The Bookwoman Summer 2015 issue (Scroll to the bottom of this link for an interview)
“The book is a lyrical, sympathetic look at the kind of people often overlooked in literary fiction. Quirky characters abound in a collection of stories that you will read nowhere else. Alternately laugh-out-loud funny and deeply moving, all are brought vividly to life, as is the great city of New Orleans.” Rhona Whitty, editor, The Bookwoman, Women’s National Book Association newsletter Summer 2015
The Story Circle Book Reviews: By, For and About Women (Review by Trilla Pando)
"...when I stepped into this same neighborhood and met Achille, Loutie, Sister Michael Patrick, Sweet Pea and the other characters created by Fatima Shaik, I quickly became part of the community. These folks became my friends. I cared about them and continue to now that the book is closed and on my shelf."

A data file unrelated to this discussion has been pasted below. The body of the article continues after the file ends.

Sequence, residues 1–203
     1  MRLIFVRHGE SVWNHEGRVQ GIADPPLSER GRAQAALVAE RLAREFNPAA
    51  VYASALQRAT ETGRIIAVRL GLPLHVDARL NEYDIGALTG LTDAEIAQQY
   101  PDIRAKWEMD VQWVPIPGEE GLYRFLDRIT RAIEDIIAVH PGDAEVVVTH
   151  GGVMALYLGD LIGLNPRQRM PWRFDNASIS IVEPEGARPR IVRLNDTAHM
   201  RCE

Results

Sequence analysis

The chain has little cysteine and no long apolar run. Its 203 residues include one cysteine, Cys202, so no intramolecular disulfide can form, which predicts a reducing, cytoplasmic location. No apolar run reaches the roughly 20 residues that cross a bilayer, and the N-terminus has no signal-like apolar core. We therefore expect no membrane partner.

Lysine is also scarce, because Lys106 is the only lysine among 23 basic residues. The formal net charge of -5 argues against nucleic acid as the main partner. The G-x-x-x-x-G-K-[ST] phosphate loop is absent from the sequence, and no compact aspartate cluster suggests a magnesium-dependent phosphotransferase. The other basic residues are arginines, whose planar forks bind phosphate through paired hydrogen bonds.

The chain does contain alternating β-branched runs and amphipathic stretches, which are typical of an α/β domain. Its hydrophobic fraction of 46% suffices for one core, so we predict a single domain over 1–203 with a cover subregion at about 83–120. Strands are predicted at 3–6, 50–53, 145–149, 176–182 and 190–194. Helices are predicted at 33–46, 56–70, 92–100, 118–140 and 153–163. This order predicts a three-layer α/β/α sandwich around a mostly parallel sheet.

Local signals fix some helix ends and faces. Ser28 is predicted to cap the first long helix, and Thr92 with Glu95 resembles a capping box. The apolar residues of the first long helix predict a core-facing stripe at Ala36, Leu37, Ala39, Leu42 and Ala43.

The Crescent City is famed for its music (African), its cuisine (Gallic), and its architecture (Hispanic). There is no place remotely like it in the rest of America, particularly in its defining quality: as an endlessly impoverished place that nonetheless doggedly celebrates everyday life. That’s the city portrayed in Shaik’s new short story collection. It is usually summertime in her underbelly city, blast furnace hot, a season devoid of festivals, conventions, and tour buses. This city is populated by poor blacks and Creoles who couldn’t afford to leave town even if they wanted to (and after many generations in the bayous, they don’t want to). They work blue-collar jobs, when they can find them. Their air-conditioning is open windows, shady trees, or fishing trips. Their entertainment is stoop-sitting, family picnics, and endless conversations. The characters in these 14 stories are a motley assortment of damaged souls, among them an aged trumpeter, a mute daughter, a polio survivor, a self-styled parson. They may sound like a sad lot, but Shaik treats them tenderly and makes sure they’re more than that. Her characters, oddballs in a city replete with them, usually have friends and relatives to tend them. Poor in the usual ways, these residents of the Ninth and Seventh Wards have vibrant social lives that many a lonely Manhattanite might envy.